Wednesday, October 29, 2014

Military Picture of the Week: Odd Man Out

One of those three Grenadier Guardsmen is actually a cake, which may be the strangest thing I’ve ever written on this blog.



The cake is to celebrate the start of the British Legion’s annual Poppy Campaign.  More info here.




Thursday, October 23, 2014

Canada Gets Back Up

This image from today’s Halifax Chronicle Herald captures how I and many Canadians are feeling today.   In the four days since I posted a picture of my visit to the Ottawa War Memorial, there have been two attacks on Canadian Armed Forces personnel.   On Monday a Regular Force RCAF Warrant Officer was killed in a Montreal parking lot by a by would be jihadist who mowed him down with his car, and yesterday an Army Reservist was shot and mortally wounded while part of the ceremonial guard mount at one of our country’s most honoured (and, in a secular sense of the word) sacred places.   The gunman then went on to Parliament Hill, and in a video that I still find surreal, died in a gun battle, shot by our Parliament’s Sergeant of Arms, an ex-RCMP officer, who is today an undisputed national hero.  

What to make of this?   It’s too early to say, but members of the Canadian Armed Forces, still enjoying the public approval from their role in Afghanistan, will be struggling (as I am) with the perceived loss of pride and identity in being told not to wear their uniforms in public.   Hopefully that order will be lifted by Remembrance Day, and we can pay our respects to the old and newly fallen as we should, but we now have to think about security issues in our own country.  In that sense, while there is some in his piece yesterday that I disagree with, journalist Glenn Greenwald does make a good point.  Canada has been at war for thirteen years, ever since our troops first went to Tora Bora in Afghanistan, and while we’ve refurbished our military prestige and pride following the dark years and moral failures of the 1990s, we have been complacent.  We never thought that our enemies would strike us here.  We assumed that either we were too small to be an important target to Bin Laden and his followers, or that if homegrown extremists tried, then our security services would catch them, because they all seemed pretty inept.   Now, in three days, we can’t afford those misguided assumptions.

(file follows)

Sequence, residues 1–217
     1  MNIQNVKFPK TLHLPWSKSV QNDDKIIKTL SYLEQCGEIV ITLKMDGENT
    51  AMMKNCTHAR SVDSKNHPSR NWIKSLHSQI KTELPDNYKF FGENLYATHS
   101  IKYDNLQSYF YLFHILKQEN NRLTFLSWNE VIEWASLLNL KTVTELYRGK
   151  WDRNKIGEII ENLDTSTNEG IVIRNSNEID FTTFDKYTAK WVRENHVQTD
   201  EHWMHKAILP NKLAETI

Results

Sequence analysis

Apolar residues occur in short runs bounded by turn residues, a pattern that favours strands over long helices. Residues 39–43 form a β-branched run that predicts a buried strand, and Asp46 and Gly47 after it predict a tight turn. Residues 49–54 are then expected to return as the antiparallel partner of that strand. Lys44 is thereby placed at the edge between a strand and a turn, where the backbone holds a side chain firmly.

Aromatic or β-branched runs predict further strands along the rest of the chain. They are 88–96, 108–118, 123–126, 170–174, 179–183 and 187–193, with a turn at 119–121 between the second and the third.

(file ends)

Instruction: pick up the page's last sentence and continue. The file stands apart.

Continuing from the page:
I hope we don’t slide into a security state mentality like our southern neighbours have.   Their post 9/11 habit of replacing that lovely and historic word of liberty, “America”, with “Homeland”, which to my mind hearkens back to 19th century European “blood and volk" nationalism, is unfortunate, but that’s just my opinion.   I hope that Parliament will reopen to visitors soon, although I suspect that visitors will have to go through metal detectors and other security measures.  It’s still our Parliament, and should remain so.   The National War Memorial will take on a new significance, to be sure, and there will be new resolve to fight against ISIS and forces like it, even if it’s still unclear whether these attacks of the last tree days were jihadist ordered, jihadist inspired, or just copycat violence by mentally fragile and angry loners.  As a former Commanding Officer of mine said yesterday, if we were complacent and ambiguous about the Syria deployment last week, now Canadians will be resolved, and military history shows that when we are angry, we punch above our weight.